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I am the daughter of earth and water,
And the nursling of the sky;
I pass through the pores of the ocean and shores;
I change, but I cannot die.
For after the rain, when with never a stain,
The pavilion of heaven is bare, And the winds and sunbeams, with their convex gleams,
Build up the blue dome of air, I silently laugh at my own cenotaph, And out of the caverns of rain, Like a child from the womb, like a ghost from the tomb, I arise and unbuild it again.
Till the warm sun pities its pain, And to the skies exhales it back again.
Restless it rolls, and insecure, Trembling, lest it grow impure;
So the soul, that drop, that ray, Of the clear fountain of eternal day,
Could it within the human flower be seen,
Remembering still its former height,
Shuns the sweet leaves, and blossoms green,
And, recollecting its own light, Does, in its pure and circling thoughts, express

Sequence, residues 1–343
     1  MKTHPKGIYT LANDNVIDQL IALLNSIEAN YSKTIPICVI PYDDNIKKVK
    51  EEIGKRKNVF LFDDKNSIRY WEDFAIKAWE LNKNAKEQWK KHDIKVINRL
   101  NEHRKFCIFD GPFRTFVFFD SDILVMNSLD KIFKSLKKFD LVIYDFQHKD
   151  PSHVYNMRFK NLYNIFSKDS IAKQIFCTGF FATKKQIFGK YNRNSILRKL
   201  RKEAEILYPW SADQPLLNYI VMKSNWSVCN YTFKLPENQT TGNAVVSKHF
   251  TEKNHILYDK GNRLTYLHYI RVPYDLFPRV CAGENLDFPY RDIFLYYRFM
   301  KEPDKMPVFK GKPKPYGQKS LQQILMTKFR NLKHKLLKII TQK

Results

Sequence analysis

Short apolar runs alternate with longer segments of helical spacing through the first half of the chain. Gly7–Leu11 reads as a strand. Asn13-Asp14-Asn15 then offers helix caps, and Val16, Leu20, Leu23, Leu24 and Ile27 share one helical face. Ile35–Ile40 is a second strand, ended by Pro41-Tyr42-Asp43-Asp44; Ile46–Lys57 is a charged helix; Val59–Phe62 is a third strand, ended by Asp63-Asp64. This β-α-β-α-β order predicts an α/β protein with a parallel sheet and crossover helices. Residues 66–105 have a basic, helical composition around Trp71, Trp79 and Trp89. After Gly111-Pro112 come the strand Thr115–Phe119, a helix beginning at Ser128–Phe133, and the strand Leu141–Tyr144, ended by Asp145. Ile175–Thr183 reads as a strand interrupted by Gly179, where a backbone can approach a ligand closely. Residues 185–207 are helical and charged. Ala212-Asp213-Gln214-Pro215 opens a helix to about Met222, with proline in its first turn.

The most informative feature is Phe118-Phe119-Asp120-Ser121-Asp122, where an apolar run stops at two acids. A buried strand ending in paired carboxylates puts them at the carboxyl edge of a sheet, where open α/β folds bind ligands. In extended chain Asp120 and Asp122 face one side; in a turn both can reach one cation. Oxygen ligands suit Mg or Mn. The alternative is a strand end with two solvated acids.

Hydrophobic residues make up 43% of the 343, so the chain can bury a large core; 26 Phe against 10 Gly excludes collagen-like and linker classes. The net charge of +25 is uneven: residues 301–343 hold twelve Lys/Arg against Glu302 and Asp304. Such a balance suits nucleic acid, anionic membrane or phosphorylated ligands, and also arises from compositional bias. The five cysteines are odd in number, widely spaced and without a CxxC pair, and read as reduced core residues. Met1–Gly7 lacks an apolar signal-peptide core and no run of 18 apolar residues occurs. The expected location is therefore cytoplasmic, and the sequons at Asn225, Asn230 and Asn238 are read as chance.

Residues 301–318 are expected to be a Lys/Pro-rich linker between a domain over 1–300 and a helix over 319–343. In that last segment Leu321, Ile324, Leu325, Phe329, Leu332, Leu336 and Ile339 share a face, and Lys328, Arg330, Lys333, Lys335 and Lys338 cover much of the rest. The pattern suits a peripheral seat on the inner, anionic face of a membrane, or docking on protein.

The greater heaven in a heaven less.
White and entire, although congealed and chill;
Congealed on earth; but does, dissolving, run
Into the glories of the almighty sun. MARVELL.
LIGHT-WINGED Smoke! Icarian bird, Melting thy pinions in thy upward flight;
Lark without song, and messenger of dawn, Circling above the hamlets as thy
Or else, departing dream, and shadowy form
Of midnight vision, gathering up thy skirts;
By night star-veiling, and by day Darkening the light and blotting out the sun;
Go thou, my incense, upward from this hearth,
And ask the gods to pardon this clear flame.